The new attack du jour as of late has been the DDoS. These recent attacks have used significantly the IoT devices to magnify the attack effects. This was devastating, in the short-term, to the targets. One of these was Twitter.
This mode has been a viable attack vector for years. This is not new. The attacks though years ago focused on renting bots or taking over other nodes, i.e. consumer equipment and possibly commercial. These new attacks implemented IoT devices. These would have ranged from light bulbs to refrigerators and other connected devices in the consumer’s home.
This has highlighted again the lack of cyber-security in the IoT devices. These were engineered for one purpose-the consumer does not have to touch the lamp to turn it on or off and lights can be programmed to become brighter when your favorite college football team scores, the temperature in the house is regulated by the connected thermostat based on when the consumers are present, etc.
The one aspect that largely has been ignored during the design and implementation, cyber-security, is one of the most important. This may be due to the limits of available size for certain hardware or the engineering focus being the experience and security would be applied later.
This lack of security application has allowed certain attackers the ability to leverage this to exponentially increase the magnitude of the DDoS attacks. This should be addressed much earlier in the development. With bypassing this, the IoT industry has allowed itself, intentionally, to be used by deviants as a tool to use for their own needs. The engineers in development had a binary path with the security – intentionally not design this into the product and hope no one notices all of the devices that could be taken over or in the alternative had no idea that security should be implemented even when cyber-security is in the news quite frequently and he negative effects of not having security in place being well-publicized.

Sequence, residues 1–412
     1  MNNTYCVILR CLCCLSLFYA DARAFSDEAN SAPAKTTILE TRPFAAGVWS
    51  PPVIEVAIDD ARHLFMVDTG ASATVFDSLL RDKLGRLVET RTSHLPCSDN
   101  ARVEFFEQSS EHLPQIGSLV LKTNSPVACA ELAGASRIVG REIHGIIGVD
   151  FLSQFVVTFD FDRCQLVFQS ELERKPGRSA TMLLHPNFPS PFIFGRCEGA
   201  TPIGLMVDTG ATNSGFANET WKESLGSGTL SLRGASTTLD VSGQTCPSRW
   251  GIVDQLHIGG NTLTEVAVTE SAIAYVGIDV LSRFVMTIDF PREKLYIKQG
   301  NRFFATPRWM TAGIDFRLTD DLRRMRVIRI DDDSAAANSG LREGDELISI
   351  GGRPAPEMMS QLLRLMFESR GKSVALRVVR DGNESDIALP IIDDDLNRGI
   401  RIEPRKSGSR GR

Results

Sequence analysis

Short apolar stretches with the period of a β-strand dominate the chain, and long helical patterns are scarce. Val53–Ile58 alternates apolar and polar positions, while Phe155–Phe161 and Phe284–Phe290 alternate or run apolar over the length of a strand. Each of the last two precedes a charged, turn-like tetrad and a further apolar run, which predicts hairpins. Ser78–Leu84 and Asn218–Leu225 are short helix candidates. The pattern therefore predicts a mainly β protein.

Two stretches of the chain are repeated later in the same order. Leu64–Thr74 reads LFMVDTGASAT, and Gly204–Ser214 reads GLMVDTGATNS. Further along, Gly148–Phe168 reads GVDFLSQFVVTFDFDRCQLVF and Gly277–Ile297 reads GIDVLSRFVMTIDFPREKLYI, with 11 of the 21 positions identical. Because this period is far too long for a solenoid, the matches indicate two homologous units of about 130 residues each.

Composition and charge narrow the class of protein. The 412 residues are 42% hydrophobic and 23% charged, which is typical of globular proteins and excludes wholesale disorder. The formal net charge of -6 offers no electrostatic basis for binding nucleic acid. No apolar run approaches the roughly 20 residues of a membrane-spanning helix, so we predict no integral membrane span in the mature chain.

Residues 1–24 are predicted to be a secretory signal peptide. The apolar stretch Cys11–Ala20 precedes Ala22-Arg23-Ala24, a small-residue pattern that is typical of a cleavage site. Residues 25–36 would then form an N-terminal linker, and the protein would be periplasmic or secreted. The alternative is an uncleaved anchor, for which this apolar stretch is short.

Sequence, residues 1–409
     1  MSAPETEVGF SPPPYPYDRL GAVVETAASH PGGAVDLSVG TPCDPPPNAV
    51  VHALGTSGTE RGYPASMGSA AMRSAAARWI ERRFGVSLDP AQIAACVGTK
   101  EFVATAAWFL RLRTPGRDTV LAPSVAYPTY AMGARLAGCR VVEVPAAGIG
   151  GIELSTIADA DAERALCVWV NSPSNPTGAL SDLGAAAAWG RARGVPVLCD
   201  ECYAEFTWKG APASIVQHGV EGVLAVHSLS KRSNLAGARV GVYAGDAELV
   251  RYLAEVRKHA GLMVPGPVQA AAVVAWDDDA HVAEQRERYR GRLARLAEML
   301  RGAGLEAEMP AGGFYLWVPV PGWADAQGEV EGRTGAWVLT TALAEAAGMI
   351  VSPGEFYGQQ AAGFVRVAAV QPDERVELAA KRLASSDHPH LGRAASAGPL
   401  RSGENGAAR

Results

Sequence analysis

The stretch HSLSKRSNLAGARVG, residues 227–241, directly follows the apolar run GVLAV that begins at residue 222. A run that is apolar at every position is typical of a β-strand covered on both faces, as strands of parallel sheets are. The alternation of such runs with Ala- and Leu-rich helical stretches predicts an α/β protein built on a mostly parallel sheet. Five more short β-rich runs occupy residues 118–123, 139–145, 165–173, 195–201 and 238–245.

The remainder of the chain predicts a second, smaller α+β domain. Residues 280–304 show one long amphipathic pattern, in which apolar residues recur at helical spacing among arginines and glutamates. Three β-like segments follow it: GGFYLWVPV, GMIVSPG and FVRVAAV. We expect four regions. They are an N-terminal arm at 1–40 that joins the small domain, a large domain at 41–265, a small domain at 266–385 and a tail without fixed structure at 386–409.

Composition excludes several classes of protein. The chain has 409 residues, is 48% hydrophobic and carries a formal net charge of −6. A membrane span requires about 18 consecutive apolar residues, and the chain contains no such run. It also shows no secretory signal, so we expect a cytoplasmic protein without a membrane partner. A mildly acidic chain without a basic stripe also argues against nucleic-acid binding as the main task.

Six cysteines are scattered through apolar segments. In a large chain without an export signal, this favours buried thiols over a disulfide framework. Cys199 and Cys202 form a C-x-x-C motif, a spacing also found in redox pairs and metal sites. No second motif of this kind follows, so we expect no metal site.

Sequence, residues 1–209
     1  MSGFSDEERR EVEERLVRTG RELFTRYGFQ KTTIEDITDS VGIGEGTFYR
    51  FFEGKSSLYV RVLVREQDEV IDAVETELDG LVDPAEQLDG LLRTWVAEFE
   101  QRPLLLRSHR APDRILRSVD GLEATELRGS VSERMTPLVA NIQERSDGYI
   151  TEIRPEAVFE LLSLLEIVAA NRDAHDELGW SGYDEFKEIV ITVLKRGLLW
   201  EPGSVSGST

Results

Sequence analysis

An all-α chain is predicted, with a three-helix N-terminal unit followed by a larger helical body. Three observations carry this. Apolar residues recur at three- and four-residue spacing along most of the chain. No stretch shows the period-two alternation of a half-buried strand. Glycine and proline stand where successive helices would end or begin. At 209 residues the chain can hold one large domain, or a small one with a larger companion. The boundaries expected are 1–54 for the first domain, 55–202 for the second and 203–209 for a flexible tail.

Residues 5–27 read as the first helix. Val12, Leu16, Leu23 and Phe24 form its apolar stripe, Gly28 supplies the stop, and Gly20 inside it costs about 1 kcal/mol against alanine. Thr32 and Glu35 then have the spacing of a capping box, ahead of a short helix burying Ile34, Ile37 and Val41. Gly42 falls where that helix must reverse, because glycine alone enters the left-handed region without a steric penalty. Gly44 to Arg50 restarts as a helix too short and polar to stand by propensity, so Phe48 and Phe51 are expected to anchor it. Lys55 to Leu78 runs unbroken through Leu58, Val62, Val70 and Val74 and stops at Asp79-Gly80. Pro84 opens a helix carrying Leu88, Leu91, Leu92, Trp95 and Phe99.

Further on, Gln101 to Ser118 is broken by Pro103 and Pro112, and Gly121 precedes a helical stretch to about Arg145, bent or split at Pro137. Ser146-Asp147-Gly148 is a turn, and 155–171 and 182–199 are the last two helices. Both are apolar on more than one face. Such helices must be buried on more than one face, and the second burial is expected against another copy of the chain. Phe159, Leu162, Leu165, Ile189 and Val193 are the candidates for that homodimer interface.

Either route has the same issues and vulnerabilities. This needs to be addressed ASAP and updates sent over the air (OTA) to correct this. Until this is done, the attacks using these will continue. The 1T/second DDoS attack may become normalized.
About the Author - Charles Parker, II has been working in the info sec field for over a decade, performing pen tests, vulnerability assessments, consulting with small- to medium-sized businesses to mitigate and remediate their issues, and preparing IT and info sec policies and procedures. Mr. Parker’s background includes work in the banking, medical, automotive, and staffing industries.
Share on Facebook
Share on Twitter
I'm busy working on my blog posts. Watch this space!